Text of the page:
Principal Harpist Ann Hobson Pilot’s retirement after 40 years with the Boston Symphony Orchestra is to be celebrated in Symphony Hall next Wednesday evening. September 23, in a program that includes the premiere of On Willows and Birches for Harp and Orchestra by John Williams.
In 1939 major orchestras were mostly closed to women other than harpists. World War II changed that, as women were called upon to fill vacant seats. But it wasn’t until 1952 that a woman was appointed first chair of a major symphony orchestra in the United States — Dorothy Anthony Dwyer, first flute of the BSO. The next woman to be appointed to a principal chair at the BSO was Marylou Speaker (Churchill), in 1977, but not until fifteen years later. Ann Hobson Pilot, who had been in the harp section since 1969, was appointed to the principal harp chair in 1980.
Hobson Pilot played in Washington, DC, in the late 1960s, where she felt uncomfortable with attitudes towards African-Americans, a problem she did not face in Boston. But she a big supporter of Project STEP, encouraging young African-American children to study string instruments.
BMInt interviewed Ann Hobson Pilot backstage at Symphony Hall this morning.
The concert next week features the premiere of John Williams piece written especially on the occasion of your retirement. Williams’s title is reminiscent of the music of MacDowell, of French Impressionists, and so forth. Is there any relation to these?
“John has always been interested in trees. He loves them. He was inspired by Psalm 137. Yes, it is impressionistic — the wind rustling through the trees, through the harp strings.”
[By the rivers of Babylon, there we sat down, yea, we wept, when we remembered Zion./ We hanged our harps upon the willows in the midst thereof./ For there they that carried us away captive required of us a song; and they that wasted us required of us mirth, saying, Sing us one of the songs of Zion.]
“For the second part, ‘Birches’, he chose the poem of Robert Frost He envisions a little boy swinging on the birch tree. Lively, rhythmic, swaying, …”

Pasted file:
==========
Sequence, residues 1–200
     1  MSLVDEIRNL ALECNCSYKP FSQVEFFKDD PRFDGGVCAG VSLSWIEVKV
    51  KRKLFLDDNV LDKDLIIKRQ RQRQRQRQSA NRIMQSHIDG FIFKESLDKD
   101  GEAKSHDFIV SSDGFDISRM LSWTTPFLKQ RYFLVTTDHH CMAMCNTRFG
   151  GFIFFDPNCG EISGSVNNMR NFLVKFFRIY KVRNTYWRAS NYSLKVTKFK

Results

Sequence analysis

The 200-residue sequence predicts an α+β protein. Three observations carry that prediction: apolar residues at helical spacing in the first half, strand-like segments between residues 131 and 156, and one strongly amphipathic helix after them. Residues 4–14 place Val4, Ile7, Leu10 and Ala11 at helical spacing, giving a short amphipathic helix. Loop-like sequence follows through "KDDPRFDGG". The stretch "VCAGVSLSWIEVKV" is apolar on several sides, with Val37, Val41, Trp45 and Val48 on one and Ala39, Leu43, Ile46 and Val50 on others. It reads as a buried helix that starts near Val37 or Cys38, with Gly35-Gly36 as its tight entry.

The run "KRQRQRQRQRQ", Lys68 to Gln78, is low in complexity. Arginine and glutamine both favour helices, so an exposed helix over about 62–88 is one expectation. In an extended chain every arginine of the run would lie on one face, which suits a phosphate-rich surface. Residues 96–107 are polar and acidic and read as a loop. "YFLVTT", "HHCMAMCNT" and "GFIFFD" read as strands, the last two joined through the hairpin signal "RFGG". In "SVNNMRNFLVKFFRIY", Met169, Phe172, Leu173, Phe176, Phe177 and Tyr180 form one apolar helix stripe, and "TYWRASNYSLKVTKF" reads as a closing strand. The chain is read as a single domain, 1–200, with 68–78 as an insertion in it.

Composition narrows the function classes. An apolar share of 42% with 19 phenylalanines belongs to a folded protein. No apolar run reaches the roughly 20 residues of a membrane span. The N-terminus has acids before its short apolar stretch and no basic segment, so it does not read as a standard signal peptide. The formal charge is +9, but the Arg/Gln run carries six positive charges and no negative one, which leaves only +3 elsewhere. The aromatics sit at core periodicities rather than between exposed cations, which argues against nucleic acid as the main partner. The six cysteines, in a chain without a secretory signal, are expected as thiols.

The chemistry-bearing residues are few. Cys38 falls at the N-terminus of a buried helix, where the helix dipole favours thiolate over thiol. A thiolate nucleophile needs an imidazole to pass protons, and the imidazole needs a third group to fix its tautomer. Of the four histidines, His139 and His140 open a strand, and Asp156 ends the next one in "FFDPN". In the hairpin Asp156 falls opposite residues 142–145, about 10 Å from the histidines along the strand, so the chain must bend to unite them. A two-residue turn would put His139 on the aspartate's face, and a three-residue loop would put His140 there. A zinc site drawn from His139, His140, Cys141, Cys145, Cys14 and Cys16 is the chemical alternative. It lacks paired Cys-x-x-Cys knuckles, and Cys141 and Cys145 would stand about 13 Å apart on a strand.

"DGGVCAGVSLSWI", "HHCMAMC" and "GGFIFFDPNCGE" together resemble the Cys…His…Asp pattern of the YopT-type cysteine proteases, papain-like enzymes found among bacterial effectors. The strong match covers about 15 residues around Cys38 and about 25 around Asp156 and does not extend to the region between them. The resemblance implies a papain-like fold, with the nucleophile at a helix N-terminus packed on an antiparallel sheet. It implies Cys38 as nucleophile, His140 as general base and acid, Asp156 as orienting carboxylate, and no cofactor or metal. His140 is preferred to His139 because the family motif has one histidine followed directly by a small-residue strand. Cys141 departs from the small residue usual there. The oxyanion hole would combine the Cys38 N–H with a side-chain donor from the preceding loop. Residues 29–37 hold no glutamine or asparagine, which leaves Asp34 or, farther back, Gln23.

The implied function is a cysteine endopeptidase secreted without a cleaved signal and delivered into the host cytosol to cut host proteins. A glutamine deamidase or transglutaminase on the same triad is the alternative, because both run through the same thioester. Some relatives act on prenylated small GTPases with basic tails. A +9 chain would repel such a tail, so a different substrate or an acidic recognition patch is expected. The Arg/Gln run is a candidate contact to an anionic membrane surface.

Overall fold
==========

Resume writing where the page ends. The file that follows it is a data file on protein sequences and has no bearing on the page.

[When I see birches bend to left and right
Across the lines of straighter darker trees,
I like to think some boy’s been swinging them.
But swinging doesn’t bend them down to stay.
. . .
So was I once myself a swinger of birches.
And so I dream of going back to be.]
You commissioned a piece from Kaska, which was issued on a London recording, but the BSO has never played it?
“It has never been performed, except in the recording studio. Kaska wrote another piece, a triple harp concerto, Knights on the Red Branch, for the harp convention held in Philadelphia, my home town, in 2004. [The convention organizers] thought it was fabulous that three of us who graduated from Girls’ High, four years apart, are now principal harpists — Paula Page at Houston, Susan Pejovich at Dallas, and I.”
With the BSO you have played the BSO Mozart Concerto for Flute and Harp, Debussy’s Danses, a Ginastera concerto, and a Joaquin Turina piece, that with Rafael Fruebeck de Burgos. But there are so many relatively new, late-20th-century pieces, for harp, …What did you not play with the BSO that you would have wanted to play?
“All the ones I wanted to play, I played. If I didn’t play them with BSO, I played them with the Boston Pops. I devoted myself to pieces that interested me. Now that I’ve retired,.. but since I retired, I have had less time than ever.”
How about the Frank Martin piece?